Although our knowledge of the spatial distribution of stream organisms has been increasing rapidly in the last decades, there is still little consensus about trait-based variability of macroinvertebrate communities within and between catchments in near-pristine systems. Our aim was to examine the taxonomic and trait based stability vs. variability of stream macroinvertebrates in three high-latitude catchments in Finland. The collected taxa were assigned to unique trait combinations (UTCs) using biological traits. We found that only a single or a highly limited number of taxa formed a single UTC, suggesting a low degree of redundancy. Our analyses revealed significant differences in the environmental conditions of the streams among the three catchments. Linear models, rarefaction curves and beta-diversity measures showed that the catchments differed in both alpha and beta diversity. Taxon- and trait-based multivariate analyses also indicated that the three catchments were significantly different in terms of macroinvertebrate communities. All these findings suggest that habitat filtering, i.e., environmental differences among catchments, determines the variability of macroinvertebrate communities, thereby contributing to the significant biological differences among the catchments. The main implications of our study is that the sensitivity of trait-based analyses to natural environmental variation should be carefully incorporated in the assessment of environmental degradation, and that further studies are needed for a deeper understanding of trait-based community patterns across near-pristine streams.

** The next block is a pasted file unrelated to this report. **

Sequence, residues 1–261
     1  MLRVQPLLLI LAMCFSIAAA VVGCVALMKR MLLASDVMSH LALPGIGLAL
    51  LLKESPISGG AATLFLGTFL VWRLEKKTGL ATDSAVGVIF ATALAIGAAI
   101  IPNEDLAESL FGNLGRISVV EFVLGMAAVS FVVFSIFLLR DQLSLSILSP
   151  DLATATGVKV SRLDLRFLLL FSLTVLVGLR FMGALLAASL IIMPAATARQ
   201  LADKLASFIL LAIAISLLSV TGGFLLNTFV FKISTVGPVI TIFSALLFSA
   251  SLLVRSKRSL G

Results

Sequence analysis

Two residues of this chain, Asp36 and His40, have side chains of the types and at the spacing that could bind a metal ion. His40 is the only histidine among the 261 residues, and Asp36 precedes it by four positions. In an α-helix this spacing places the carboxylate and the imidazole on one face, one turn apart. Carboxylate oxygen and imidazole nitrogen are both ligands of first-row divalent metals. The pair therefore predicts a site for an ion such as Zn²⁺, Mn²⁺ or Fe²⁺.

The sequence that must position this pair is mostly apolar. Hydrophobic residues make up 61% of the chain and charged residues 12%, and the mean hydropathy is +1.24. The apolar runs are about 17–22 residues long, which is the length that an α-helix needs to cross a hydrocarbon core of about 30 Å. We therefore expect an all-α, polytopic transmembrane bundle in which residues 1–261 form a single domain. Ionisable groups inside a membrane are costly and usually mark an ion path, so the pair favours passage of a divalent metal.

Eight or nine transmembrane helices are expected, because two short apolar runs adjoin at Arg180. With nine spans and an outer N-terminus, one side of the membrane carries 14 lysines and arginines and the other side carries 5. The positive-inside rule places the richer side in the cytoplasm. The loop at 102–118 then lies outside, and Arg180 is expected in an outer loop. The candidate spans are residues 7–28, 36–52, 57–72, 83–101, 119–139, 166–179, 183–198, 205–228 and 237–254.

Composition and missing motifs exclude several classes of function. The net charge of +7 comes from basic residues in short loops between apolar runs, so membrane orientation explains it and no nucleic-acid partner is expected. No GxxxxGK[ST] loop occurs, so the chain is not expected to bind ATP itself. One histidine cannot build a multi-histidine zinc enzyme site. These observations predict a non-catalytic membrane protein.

- Headwater streams
- Natural environmental variation
- Stream macroinvertebrates
- Trait-based analyses
ASJC Scopus subject areas
- Ecology, Evolution, Behavior and Systematics